The Federal Government has asked state governors to establish their own correctional services and also build their custodial centres, saying that the law has empowered them to do so.
Speaking at a two-day conference on Decongestion and Corrections Administration in Abuja on Thursday, the Minister of Interior, Rauf Aregbesola, lamented that the congestion of custodial centres had taken a toll on the finances of the FG.
The Permanent Secretary, Ministry of Interior, Shuaib Belgore, had disclosed that the FG earmarked N22.44bn to feed inmates in all the custodial centres across the country.
Belgore said 90 per cent of inmates in the custodial facilities were arrested and being prosecuted by state governments.
Speaking on Thursday, Aregbesola maintained that states must see to the accommodation and care of its offenders to save cost.
He said, “With the amendment to the constitution in this regard, states are now empowered to build correctional centres and facilities to house offenders, who are convicted and sentenced for committing state offences. Where states are unable to build custodial centres, it is believed that they can suggest ways to collaborate with the Federal Government in feeding and housing these state offenders.
“Overcrowding in the custodial centres has led to a huge revenue drain for the Federal Government, being the only party shouldering the responsibility of running and maintaining the custodial centres.
The Federal Government can’t bear this anymore. I am going to leave strict recomnendations to my successor on that law. We would rather use the money meant for feeding inmates to improve our facilities. “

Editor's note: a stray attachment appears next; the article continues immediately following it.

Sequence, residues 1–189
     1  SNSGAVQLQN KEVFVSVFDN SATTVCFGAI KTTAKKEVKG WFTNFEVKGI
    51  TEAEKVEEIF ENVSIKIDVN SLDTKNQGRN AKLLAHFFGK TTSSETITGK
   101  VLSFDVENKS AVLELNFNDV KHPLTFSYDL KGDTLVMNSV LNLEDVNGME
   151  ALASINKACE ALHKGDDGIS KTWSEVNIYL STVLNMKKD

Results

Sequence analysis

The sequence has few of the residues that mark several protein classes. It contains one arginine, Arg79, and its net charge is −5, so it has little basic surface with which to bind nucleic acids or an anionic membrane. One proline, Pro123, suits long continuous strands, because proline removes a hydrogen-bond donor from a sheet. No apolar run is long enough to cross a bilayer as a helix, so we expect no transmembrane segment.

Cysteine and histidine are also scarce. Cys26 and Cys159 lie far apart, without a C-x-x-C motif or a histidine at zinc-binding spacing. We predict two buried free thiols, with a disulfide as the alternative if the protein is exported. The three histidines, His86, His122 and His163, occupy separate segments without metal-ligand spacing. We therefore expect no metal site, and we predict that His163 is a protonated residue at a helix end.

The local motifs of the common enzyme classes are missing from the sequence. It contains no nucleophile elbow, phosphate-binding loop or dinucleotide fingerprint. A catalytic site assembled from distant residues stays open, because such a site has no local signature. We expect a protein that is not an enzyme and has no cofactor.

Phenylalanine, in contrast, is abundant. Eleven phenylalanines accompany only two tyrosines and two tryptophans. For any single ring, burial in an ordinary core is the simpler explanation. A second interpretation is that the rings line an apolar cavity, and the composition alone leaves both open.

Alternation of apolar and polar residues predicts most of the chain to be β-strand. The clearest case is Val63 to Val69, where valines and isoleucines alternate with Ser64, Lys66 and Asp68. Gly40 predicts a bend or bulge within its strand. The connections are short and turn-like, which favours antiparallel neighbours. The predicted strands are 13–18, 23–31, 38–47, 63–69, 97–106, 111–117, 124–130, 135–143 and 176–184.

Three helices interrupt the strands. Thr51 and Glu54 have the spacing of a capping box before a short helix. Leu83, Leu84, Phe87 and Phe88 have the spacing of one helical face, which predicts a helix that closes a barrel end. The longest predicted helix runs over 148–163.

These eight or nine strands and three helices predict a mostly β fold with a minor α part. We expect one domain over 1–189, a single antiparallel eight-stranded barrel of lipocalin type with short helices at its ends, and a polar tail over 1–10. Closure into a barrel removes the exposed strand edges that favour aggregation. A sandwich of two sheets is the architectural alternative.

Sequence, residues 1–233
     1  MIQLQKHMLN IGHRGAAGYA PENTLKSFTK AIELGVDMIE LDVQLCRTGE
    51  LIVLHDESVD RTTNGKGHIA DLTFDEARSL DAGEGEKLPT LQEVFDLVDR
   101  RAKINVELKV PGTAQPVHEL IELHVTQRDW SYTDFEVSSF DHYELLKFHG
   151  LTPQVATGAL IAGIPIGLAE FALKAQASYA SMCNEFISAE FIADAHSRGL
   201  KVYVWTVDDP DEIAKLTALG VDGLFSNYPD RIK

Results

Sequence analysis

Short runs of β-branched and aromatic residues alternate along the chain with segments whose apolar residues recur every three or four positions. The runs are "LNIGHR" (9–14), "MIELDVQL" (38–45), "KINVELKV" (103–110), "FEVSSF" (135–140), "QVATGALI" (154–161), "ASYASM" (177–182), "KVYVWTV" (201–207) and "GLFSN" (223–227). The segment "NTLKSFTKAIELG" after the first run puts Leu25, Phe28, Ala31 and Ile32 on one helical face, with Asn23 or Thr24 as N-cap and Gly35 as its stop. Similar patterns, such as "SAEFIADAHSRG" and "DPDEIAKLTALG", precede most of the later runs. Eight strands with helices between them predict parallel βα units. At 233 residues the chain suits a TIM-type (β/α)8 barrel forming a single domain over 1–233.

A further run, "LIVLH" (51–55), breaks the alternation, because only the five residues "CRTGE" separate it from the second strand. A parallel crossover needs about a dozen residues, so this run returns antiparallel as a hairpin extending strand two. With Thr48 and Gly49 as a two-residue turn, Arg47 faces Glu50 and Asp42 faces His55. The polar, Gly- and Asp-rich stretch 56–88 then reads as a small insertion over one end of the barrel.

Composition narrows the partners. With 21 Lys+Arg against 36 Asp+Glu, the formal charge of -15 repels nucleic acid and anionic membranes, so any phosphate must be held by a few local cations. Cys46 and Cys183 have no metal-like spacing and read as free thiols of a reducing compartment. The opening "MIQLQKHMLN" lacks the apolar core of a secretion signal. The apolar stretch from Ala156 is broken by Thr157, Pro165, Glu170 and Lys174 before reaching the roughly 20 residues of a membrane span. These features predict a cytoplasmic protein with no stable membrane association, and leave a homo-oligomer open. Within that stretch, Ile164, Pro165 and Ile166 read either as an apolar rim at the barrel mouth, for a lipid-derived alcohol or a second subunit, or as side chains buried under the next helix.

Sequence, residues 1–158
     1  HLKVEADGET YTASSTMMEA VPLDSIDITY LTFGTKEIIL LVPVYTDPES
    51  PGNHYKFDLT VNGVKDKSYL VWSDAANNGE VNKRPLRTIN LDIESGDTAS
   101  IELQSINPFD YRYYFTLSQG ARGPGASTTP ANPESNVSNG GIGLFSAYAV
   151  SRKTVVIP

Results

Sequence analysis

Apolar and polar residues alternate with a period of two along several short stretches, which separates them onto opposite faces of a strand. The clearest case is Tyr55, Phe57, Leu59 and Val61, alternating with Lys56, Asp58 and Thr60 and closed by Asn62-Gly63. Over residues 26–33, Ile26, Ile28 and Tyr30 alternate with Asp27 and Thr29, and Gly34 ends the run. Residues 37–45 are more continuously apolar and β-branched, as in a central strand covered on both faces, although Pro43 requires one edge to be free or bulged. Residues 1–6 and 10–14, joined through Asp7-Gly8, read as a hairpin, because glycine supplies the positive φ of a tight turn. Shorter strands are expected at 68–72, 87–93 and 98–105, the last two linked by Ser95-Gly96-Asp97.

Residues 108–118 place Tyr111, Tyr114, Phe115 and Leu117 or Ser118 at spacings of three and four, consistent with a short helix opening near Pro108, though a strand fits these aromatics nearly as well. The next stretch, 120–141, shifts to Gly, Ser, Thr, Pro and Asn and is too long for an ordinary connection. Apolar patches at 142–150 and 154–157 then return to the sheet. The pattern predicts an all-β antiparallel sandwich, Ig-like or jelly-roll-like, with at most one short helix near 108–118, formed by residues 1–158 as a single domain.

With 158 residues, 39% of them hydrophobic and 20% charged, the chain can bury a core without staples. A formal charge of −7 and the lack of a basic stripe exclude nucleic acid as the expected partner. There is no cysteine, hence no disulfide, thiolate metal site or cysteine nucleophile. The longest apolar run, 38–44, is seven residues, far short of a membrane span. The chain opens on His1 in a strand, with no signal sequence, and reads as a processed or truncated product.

The Chief Justice of Nigeria, Justice Olukayode Ariwoola, said the congestion of custodial centres was responsible for jailbreaks.
He said, “Unnecessary congestion of prisons has led to jailbreaks and of course, overstretching the dilapidated custodial centres built 100 years ago.
“In order to enthrone a seamless dispensation of justice, the issue of congestion and reform has always occupied the front burner of discussion since the advent of this democratic dispensation and we have been waiting with bated breath to see the reform truly happen in our lifetime.”
Justice Ariwolola called on judges to interpret the law the right way as well as visit custodial centres with the aim of setting free inmates with minor offences and those being erroneously tried.
He said, “The law should be interpreted the way it should be and must be done with the fear of the almighty God. Our visit to the custodial centres should also be increased with a view to setting free those inmates with minor offences and those that ought not to be there in the first place.
“I passionately appeal to judicial officers and those directly and remotely connected to the administration of the justice chain in the country to distance themselves from primordial sentiment and disposition.”